25. Telegram From the Embassy in the Soviet Union to the Department of State1

1811. Reference: Embtel 1810.2 Three Western representatives met with Figl and Kreisky this morning and were able to clear up number points left obscure by Bischoff yesterday (18083). There was apparently no difficulty in regard to communiqué but last night’s dinner at Kremlin made it impossible to get final agreed text and [Page 40] translations done in time for release yesterday evening. Communiqué will be released 3 p.m. Moscow time.4 Communiqué outlines in general results of talks and refers to desirability early conclusion Austrian Treaty; reaffirmation by Austrian delegation of Berlin Conference declaration concerning military alliances and bases5 and intention pursue policy independence; Soviet willingness for troops of occupying powers to be withdrawn after entry into force treaty not later than December 31, 1955; referring to tripartite declaration April 56 expresses hope that favorable prospects exist for conclusion treaty by agreement four powers and Austria; 150 million dollars to be paid entirely in Austrian goods; willingness Soviet Government to turn over oil properties against future oil deliveries, and properties DDSG. Communiqué concludes that Supreme Soviet will examine favorable request for release of any Austrians serving Soviet sentences and that by time withdrawal Soviet occupation troops “no Austrian prisoners of war or interned civilians will remain on territory Soviet Union.”7 In addition to communiqué Austrian delegation gave us following confidential information:

Danube River fleet, wharves and other installations will be returned in toto to Austria against compensation 2 million dollars.
All oil properties, refineries etc., will be returned to Austria in return for 10 million tons of oil to be delivered over period 10 years.
Mixed Commission will be set up to negotiate trade agreement between Austria and Soviet Union.
On neutrality, Austria will make a declaration concerning its intention not to engage in military alliances or accept bases on territory along lines Berlin declaration. Austrians obtained definite statement from Semenov that policy neutrality would not preclude Austria’s membership UN; on contrary Soviet Union would facilitate such entry.
On guarantee, Soviets stated their willingness to participate in guarantee of independence and territorial integrity Austria which would be requested by Austrian Government of four powers. Austrian declaration and guarantee would not be part of or attached to treaty but would be made after ratification. Guarantee would be confined to four powers and no mention was made of other countries joining in. Soviets presented no text or gave any specific indication of what form this guarantee should take. This therefore remains chief unclear point in Soviet position but Austrians perhaps unduly [Page 41] so did not anticipate any stepped-up Soviet demands on this point. Soviets continued to make reference to Swiss model.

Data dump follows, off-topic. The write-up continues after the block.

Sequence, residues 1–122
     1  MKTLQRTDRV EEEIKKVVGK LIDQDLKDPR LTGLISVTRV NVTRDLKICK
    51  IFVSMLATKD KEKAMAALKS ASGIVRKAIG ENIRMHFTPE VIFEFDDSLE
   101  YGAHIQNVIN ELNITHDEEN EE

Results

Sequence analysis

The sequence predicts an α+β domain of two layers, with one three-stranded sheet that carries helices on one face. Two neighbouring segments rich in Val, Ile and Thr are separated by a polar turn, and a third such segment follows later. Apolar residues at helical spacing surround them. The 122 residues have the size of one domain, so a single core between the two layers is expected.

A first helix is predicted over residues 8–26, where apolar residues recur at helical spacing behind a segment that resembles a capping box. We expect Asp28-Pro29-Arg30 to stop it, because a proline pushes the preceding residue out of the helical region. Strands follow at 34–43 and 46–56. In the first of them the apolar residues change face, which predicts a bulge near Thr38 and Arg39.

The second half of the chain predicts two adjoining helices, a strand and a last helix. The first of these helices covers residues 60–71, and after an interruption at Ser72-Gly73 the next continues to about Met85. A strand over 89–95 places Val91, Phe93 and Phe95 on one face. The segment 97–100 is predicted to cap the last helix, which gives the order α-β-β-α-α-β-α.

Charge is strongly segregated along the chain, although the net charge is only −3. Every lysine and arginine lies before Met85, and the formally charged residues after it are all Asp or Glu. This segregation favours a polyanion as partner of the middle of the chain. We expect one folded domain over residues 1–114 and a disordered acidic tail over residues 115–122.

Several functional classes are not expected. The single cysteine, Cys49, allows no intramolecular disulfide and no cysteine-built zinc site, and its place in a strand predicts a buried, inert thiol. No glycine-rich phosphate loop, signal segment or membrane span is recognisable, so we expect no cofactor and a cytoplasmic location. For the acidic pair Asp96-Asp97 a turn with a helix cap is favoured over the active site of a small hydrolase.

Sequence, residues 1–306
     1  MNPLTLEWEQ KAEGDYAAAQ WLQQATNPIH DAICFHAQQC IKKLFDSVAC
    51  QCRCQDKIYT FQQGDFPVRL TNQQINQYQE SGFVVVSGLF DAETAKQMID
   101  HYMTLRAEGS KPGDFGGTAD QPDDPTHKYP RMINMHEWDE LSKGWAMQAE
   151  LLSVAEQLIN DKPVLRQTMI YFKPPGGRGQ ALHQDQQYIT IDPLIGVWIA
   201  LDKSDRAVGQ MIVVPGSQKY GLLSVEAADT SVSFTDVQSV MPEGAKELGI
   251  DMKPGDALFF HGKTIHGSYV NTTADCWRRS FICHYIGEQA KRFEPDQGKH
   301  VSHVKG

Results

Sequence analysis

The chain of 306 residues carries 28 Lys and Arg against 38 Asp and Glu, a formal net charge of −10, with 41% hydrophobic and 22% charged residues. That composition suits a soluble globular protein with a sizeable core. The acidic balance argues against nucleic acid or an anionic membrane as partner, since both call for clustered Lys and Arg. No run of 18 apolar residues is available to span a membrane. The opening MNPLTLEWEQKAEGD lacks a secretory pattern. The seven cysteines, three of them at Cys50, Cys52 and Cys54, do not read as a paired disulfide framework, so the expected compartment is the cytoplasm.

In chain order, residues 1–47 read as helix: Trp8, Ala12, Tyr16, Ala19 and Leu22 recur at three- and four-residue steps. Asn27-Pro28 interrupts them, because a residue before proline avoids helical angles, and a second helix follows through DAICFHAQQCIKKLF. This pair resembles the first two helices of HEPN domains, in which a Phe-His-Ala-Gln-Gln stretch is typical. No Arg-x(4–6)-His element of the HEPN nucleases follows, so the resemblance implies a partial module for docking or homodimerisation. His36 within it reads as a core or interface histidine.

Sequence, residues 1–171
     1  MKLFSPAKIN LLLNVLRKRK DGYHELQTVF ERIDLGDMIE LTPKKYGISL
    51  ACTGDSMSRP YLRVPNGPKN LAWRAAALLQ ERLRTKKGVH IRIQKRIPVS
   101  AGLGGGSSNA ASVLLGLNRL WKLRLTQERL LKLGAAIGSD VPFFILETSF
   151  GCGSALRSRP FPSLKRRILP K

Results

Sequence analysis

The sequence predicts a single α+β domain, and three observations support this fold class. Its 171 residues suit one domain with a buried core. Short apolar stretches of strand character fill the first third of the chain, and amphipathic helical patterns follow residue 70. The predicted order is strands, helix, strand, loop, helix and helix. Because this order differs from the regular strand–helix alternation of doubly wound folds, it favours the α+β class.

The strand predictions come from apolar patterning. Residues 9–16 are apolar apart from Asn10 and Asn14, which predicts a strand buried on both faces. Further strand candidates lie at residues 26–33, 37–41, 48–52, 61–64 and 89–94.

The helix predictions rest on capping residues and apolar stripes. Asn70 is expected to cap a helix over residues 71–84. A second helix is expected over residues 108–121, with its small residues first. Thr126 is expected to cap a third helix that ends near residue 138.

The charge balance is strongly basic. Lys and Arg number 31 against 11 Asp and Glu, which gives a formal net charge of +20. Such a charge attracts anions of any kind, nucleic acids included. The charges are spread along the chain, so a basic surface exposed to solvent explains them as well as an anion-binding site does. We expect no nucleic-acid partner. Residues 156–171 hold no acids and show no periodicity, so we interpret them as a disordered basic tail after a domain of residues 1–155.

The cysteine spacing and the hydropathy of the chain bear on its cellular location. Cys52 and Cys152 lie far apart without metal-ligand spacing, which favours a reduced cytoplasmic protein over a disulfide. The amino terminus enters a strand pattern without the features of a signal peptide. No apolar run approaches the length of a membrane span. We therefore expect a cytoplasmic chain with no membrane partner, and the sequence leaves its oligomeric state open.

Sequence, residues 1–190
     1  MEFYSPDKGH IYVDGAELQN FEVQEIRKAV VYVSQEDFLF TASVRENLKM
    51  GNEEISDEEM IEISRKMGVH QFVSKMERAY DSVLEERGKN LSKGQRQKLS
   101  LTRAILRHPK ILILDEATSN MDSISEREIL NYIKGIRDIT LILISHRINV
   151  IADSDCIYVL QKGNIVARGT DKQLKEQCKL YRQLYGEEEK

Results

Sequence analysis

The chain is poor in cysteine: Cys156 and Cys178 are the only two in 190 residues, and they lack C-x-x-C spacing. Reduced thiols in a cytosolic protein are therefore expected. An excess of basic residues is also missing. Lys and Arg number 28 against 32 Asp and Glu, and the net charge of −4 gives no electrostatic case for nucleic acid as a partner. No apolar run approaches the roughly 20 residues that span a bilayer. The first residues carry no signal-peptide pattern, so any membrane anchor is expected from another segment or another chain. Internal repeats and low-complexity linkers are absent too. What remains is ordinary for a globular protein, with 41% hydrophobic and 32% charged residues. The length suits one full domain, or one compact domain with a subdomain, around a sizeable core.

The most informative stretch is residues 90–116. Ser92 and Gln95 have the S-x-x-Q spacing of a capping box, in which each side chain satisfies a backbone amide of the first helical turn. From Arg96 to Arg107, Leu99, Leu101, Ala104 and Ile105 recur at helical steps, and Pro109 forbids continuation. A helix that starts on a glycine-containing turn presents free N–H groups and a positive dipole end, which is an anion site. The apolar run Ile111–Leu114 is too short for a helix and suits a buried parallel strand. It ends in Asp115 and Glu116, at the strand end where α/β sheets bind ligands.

Austrians emphasized that communiqué does not contain details on economic questions nor any reference to neutrality or guarantee and expressed hope this would be kept confidential.
Results conversations were recorded in aide-mémoire8 initialed by both parties which contained statement that Austrian delegation would endeavor to obtain Parliamentary approval for positions adopted at Moscow.
As to future procedure, no time was set for four-power conference with Austrian participation but both agreed to recommend Vienna as place. We gather that Austrian Government will immediately undertake necessary consultations with three Western powers in order to accelerate final conclusion treaty.
Soviets were extremely amiable at last night’s dinner and no toasts or speeches were made which contained attacks on any country. Molotov repeatedly stated that conclusion Austrian Treaty was not matter for Soviets and Austrians alone but required agreement among four occupying powers. He also expressed view that conclusion Austrian Treaty would be indication possibility settling other outstanding questions between great powers by negotiation.

  1. Source: Department of State, Central Files, 663.001/4–1555. Secret; Niact. Repeated to London, Paris, and Vienna.
  2. Telegram 1810 reported that the publication of the communiqué had been delayed until April 15 and that Bohlen was meeting with the Austrian Delegation at 10:45 a.m. on that day. (Ibid.)
  3. Supra.
  4. For text of the communiqué, see Department of State Bulletin, May 2, 1955, pp. 734–735 or Documents (R.I.I.A.) for 1955, pp. 223–224.
  5. For text of proposals regarding Austria, made at the Berlin Conference, see Foreign Relations, 1952–1954, vol. vii, Part 2, pp. 1193–1203.
  6. See Document 20.
  7. On April 14 Bohlen reported that the Austrian Delegation had petitioned the Soviet Union for the release of Austrians detained in the Soviet Union for war crimes. (Telegram 1801 from Moscow; Department of State, Central Files, 663.001/4–1455)
  8. For a summary of this aide-mémoire, see telegram 2331, infra.